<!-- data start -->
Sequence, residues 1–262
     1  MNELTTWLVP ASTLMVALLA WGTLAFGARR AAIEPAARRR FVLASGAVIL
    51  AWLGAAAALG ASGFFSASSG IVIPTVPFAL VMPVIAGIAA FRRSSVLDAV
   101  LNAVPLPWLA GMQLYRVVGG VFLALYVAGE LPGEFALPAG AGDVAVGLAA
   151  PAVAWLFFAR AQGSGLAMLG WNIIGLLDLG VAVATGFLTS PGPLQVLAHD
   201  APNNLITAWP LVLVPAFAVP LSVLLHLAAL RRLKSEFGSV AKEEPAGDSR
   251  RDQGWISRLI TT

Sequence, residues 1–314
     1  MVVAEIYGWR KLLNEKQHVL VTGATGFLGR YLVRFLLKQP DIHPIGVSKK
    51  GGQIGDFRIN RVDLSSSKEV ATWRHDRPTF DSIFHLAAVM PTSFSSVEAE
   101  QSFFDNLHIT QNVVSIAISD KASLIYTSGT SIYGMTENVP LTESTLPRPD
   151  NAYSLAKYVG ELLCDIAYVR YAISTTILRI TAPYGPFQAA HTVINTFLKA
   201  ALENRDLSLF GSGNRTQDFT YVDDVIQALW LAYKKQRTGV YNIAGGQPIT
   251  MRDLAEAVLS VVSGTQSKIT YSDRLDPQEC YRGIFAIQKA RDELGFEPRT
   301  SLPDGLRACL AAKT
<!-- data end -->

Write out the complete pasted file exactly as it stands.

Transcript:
Sequence, residues 1–262
     1  MNELTTWLVP ASTLMVALLA WGTLAFGARR AAIEPAARRR FVLASGAVIL
    51  AWLGAAAALG ASGFFSASSG IVIPTVPFAL VMPVIAGIAA FRRSSVLDAV
   101  LNAVPLPWLA GMQLYRVVGG VFLALYVAGE LPGEFALPAG AGDVAVGLAA
   151  PAVAWLFFAR AQGSGLAMLG WNIIGLLDLG VAVATGFLTS PGPLQVLAHD
   201  APNNLITAWP LVLVPAFAVP LSVLLHLAAL RRLKSEFGSV AKEEPAGDSR
   251  RDQGWISRLI TT

Sequence, residues 1–314
     1  MVVAEIYGWR KLLNEKQHVL VTGATGFLGR YLVRFLLKQP DIHPIGVSKK
    51  GGQIGDFRIN RVDLSSSKEV ATWRHDRPTF DSIFHLAAVM PTSFSSVEAE
   101  QSFFDNLHIT QNVVSIAISD KASLIYTSGT SIYGMTENVP LTESTLPRPD
   151  NAYSLAKYVG ELLCDIAYVR YAISTTILRI TAPYGPFQAA HTVINTFLKA
   201  ALENRDLSLF GSGNRTQDFT YVDDVIQALW LAYKKQRTGV YNIAGGQPIT
   251  MRDLAEAVLS VVSGTQSKIT YSDRLDPQEC YRGIFAIQKA RDELGFEPRT
   301  SLPDGLRACL AAKT